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Can Bucs’ Jameis Winston outplay Rams’ Todd Gurley?

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The all-red uniforms of the Tampa Bay Bucs.

The all-yellow uniforms of the St. Louis Rams.

The all-green turf of the Edward Jones Dome.

For goodness sakes, this isn’t a football game. It’s a traffic light.

Evidently, the NFL believed that bright colors would distract fans from disappointing football. The Bucs are 6-7 on the season and the Rams are 5-8. And instead of representing excellence as they once did — the Rams on offense, the Bucs on defense — they are mired in seasons where they haven’t measured up. The Rams are 31st in the NFL in offense. The Bucs are 20th in pass defense.

Still, there is reason to watch. Rookie quarterback Jameis Winston leads the Bucs, and rookie running back Todd Gurley leads the Rams. It will be interesting to see if one can outplay the other. No team in the NFL has given up fewer sacks than the Rams, which means that young Case Keenum might have time to throw.

Yet, the Bucs enter the game with a sliver of hope for the playoffs. First, however, they have to streamline their plan of attack. Doug Martin averaged 7.4 yards per run last week, but carried the ball only 11 times. Mike Evans had only four targets. And Gerald McCoy got into a spat with defensive line coach Joe Cullen on the sideline.

The Bucs will play their 13th game of the season against a team with a losing record.

The Rams have the league’s worst quarterback rating, but at their best, they have a physical defensive front led by Aaron Donald.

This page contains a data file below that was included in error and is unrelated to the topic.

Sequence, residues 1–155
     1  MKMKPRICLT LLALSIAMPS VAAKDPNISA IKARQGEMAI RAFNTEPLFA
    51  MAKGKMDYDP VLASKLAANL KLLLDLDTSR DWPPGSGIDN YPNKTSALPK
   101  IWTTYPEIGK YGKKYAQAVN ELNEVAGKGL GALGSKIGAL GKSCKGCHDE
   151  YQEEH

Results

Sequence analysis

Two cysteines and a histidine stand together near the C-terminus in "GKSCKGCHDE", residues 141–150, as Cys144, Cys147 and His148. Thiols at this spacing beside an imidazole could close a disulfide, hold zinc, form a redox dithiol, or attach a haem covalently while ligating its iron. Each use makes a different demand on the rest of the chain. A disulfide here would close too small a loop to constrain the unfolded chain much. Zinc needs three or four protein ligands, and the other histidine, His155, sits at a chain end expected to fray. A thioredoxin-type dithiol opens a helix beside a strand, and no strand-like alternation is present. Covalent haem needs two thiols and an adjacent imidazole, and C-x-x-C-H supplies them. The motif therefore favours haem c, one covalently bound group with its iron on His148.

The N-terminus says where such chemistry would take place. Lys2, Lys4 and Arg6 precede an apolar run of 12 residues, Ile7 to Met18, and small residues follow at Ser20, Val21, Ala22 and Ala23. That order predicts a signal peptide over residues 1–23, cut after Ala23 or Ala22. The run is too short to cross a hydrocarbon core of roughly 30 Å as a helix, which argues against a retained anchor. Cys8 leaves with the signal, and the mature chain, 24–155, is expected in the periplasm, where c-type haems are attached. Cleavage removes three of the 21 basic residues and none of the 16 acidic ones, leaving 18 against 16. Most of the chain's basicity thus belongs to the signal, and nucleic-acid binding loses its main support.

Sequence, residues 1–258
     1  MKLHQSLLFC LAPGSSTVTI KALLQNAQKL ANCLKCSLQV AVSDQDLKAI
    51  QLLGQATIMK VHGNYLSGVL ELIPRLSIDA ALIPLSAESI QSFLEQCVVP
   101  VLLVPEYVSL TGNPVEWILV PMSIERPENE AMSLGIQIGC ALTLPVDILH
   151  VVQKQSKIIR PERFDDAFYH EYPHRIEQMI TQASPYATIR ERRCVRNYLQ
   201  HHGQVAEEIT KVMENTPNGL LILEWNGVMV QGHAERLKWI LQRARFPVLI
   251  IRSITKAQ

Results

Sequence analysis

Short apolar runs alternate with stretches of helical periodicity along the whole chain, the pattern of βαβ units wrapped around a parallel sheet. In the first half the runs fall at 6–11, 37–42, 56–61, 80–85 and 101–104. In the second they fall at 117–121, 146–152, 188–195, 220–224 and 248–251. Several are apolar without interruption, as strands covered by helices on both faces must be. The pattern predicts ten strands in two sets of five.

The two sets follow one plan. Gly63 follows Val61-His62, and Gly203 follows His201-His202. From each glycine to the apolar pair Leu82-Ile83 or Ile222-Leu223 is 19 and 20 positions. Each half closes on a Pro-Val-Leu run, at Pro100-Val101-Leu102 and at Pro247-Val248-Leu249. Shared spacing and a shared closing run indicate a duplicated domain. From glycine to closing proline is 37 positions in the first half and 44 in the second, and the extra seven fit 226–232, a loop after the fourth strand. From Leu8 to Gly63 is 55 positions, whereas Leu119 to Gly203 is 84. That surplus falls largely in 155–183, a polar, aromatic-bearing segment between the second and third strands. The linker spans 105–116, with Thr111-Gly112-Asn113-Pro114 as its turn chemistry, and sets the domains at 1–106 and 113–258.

Game time is 8:30 p.m.

Gary Shelton is one of the most recognized and honored sportswriters in the history of the state. He has won the APSE's national columnist of the year twice and finished in the top 10 eight times. He was named the Florida Sportswriter of the Year six times. Gary joined SaintPetersBlog in the spring, helping to bring a sports presence to the website. Over his time in sports writing, Gary has covered 29 Super Bowls, 10 Olympics, Final Fours, Masters, Wimbledons and college national championships. He was there when the Bucs won a Super Bowl, when the Lightning won a Stanley Cup and when the Rays went to a World Series. He has seen Florida, FSU and Miami all win national championships, and he covered Bear Bryant, Bobby Bowden and Don Shula along the way. He and his wife Janet have four children: Eric, Kevin, K.C. and Tori. To contact, visit

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